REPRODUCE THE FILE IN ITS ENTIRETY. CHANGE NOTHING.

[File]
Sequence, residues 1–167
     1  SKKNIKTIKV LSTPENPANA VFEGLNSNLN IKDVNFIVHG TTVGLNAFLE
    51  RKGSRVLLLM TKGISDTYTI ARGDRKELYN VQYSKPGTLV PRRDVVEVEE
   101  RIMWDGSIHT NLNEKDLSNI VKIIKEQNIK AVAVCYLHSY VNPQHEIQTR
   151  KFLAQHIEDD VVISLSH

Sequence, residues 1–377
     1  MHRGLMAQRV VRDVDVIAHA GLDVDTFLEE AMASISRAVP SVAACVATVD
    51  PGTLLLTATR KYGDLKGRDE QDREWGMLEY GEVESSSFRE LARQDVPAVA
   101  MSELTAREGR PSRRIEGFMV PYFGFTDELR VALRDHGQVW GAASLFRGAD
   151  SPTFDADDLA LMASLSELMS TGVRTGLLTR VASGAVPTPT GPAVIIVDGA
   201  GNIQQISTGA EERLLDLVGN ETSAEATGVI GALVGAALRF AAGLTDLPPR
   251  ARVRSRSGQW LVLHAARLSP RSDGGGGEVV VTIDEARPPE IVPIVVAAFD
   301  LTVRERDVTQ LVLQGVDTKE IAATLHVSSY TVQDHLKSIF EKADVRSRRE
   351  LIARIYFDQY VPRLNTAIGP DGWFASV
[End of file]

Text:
Sequence, residues 1–167
     1  SKKNIKTIKV LSTPENPANA VFEGLNSNLN IKDVNFIVHG TTVGLNAFLE
    51  RKGSRVLLLM TKGISDTYTI ARGDRKELYN VQYSKPGTLV PRRDVVEVEE
   101  RIMWDGSIHT NLNEKDLSNI VKIIKEQNIK AVAVCYLHSY VNPQHEIQTR
   151  KFLAQHIEDD VVISLSH

Sequence, residues 1–377
     1  MHRGLMAQRV VRDVDVIAHA GLDVDTFLEE AMASISRAVP SVAACVATVD
    51  PGTLLLTATR KYGDLKGRDE QDREWGMLEY GEVESSSFRE LARQDVPAVA
   101  MSELTAREGR PSRRIEGFMV PYFGFTDELR VALRDHGQVW GAASLFRGAD
   151  SPTFDADDLA LMASLSELMS TGVRTGLLTR VASGAVPTPT GPAVIIVDGA
   201  GNIQQISTGA EERLLDLVGN ETSAEATGVI GALVGAALRF AAGLTDLPPR
   251  ARVRSRSGQW LVLHAARLSP RSDGGGGEVV VTIDEARPPE IVPIVVAAFD
   301  LTVRERDVTQ LVLQGVDTKE IAATLHVSSY TVQDHLKSIF EKADVRSRRE
   351  LIARIYFDQY VPRLNTAIGP DGWFASV